Broadband speed in households could be increased by replacing copper wires with plastic optical fibres, according to the results of an EU-sponsored research project. The initiative, Paving the Optical Future with Lightning-Fast Links, has focused on making polymethyl methacrylate cost effective and capable of high data capacity for transmission, improving on glass optical fibres.
A simpler, cheaper and greener method of extracting higher yields of white titanium dioxide powder from mineral ore has been developed, as a result of research conducted at the University of Leeds, UK.
Using the crystal barium organotrisulfonate, researchers at the University of Calgary, Canada, have created molecular valves that can help trap and store gases at high densities without the need for high pressures. The could lead to a safer and more efficient means of storing carbon dioxide or hydrogen for environmentally friendly vehicles.
Scientists at the University of Edinburgh, UK, have taken the most common form of uranium, uranyl dication (UO22+), found in the natural environment and nuclear waste, and converted the chemically un-reactive compound into a reactive molecule. The team believes this could improve understanding of nuclear materials and waste, and the ability to handle them.
Scientists at The University of Manchester, UK, are investigating the use of electrospun polycaprolactone nanofibres to regenerate damaged tendons. Because the bundle of fibres replicates the morphology of tendon tissue, researchers envisage that the synthetic structure will perform the mechanical function of the tendon while it repairs itself, as well as act as a temporary scaffold to promote cell migration and new tissue formation.
Plart – a museum dedicated to researching non-destructive testing for the restoration and conservation of plastic artefacts – opened on 25 January 2008 in Naples, Italy. The aim is to set up a characterisation and conservation protocol specific thermosetting plastics and thermoplastics. Polyurethane, PVC and cellulose acetate and nitrate materials are recognised as the most difficult materials to conserve from degradation.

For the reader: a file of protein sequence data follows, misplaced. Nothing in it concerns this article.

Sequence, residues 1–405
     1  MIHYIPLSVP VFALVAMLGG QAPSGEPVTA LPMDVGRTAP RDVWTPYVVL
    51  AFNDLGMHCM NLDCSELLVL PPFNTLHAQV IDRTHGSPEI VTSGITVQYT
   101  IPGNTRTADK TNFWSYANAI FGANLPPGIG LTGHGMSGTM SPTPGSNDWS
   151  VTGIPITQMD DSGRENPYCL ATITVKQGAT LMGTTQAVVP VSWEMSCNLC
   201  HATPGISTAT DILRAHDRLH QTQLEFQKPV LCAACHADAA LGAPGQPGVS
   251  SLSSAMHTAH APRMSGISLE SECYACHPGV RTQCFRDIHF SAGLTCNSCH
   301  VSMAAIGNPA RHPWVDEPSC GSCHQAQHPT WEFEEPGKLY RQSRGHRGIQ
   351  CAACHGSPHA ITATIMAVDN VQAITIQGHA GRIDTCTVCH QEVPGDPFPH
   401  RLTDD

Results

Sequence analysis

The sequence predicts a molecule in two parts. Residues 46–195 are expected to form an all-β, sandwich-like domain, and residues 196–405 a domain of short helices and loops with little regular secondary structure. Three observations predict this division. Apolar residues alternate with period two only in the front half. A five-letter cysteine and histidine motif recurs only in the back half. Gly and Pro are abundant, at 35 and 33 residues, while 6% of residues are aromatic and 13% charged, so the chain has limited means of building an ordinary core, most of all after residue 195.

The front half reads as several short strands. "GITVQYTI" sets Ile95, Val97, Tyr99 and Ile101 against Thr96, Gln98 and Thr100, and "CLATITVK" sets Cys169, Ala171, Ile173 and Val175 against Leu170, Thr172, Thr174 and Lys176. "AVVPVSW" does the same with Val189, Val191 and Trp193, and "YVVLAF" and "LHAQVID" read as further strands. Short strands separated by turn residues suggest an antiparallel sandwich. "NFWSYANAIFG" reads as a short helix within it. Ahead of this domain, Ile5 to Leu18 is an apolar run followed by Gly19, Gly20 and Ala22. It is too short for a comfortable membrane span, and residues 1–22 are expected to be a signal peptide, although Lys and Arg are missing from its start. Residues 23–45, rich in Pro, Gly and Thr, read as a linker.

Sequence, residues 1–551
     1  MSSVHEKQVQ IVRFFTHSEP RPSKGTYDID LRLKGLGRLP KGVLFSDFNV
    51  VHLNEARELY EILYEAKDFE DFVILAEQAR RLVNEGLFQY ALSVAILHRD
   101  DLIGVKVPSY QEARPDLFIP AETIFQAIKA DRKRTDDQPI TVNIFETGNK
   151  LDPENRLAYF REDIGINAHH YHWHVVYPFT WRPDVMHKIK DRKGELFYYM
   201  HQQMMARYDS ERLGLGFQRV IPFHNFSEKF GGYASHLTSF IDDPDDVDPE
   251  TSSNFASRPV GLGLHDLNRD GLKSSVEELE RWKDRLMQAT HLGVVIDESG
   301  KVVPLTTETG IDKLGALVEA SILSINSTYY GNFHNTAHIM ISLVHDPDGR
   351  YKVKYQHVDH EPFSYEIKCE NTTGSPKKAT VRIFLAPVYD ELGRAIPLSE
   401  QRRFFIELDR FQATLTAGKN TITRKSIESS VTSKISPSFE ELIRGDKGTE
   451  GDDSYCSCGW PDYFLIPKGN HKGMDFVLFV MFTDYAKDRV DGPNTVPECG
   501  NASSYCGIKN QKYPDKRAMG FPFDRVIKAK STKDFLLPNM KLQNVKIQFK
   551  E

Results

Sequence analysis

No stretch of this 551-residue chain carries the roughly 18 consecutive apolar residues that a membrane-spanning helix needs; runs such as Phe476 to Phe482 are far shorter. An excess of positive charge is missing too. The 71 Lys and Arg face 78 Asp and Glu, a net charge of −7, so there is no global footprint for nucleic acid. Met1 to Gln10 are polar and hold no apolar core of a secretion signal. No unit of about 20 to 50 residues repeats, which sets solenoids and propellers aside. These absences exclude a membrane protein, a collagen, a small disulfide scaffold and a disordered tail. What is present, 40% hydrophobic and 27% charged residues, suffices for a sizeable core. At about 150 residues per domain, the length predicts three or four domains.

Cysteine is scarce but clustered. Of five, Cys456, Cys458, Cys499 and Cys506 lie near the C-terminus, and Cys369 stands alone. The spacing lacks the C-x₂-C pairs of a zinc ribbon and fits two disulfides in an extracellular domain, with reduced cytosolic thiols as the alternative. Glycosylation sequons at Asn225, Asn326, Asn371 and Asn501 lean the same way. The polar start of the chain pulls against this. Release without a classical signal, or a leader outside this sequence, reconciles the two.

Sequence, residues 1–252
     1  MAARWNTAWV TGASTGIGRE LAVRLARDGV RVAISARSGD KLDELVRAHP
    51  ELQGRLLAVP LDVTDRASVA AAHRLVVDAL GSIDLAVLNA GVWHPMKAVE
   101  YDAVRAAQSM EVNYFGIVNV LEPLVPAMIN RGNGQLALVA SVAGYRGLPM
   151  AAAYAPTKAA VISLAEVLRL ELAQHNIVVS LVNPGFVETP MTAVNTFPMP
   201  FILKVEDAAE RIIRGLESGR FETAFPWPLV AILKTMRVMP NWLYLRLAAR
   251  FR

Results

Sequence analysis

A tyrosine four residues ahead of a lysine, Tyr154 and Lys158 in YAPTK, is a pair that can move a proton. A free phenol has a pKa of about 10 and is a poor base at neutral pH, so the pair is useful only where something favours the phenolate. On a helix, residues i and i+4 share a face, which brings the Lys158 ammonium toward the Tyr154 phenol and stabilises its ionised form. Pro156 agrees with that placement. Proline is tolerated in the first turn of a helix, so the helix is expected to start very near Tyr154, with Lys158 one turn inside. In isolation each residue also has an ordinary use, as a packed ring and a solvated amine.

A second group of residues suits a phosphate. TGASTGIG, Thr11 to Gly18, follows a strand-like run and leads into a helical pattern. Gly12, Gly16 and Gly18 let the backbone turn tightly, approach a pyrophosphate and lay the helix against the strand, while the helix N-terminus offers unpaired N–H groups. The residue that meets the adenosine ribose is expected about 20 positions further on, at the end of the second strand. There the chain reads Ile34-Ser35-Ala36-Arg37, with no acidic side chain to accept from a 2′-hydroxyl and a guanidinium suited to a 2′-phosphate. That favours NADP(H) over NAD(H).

An environmentally friendly method for introducing hydrophobic propeties and electrical conductivity to wood fibres has been developed by researchers in Finland. This could find use in packaging, composite and paper applications.
Scientists at the University of Virginia, based in Charlottesville, USA, claim to have discovered a material, made from titanium atoms complexed with ethylene, that can store large quantities of hydrogen at room temperature. This could help in the search for a more efficient and affordable hydrogen-powered fuel cell.
Scientists at Princeton University, USA, claim to have produced the first 3D metamaterial constructed entirely from semiconductors. They believe the new design could offer a cost effective way of creating negative refractive lenses for high-speed communications, medical diagnostics and detecting terrorist threats.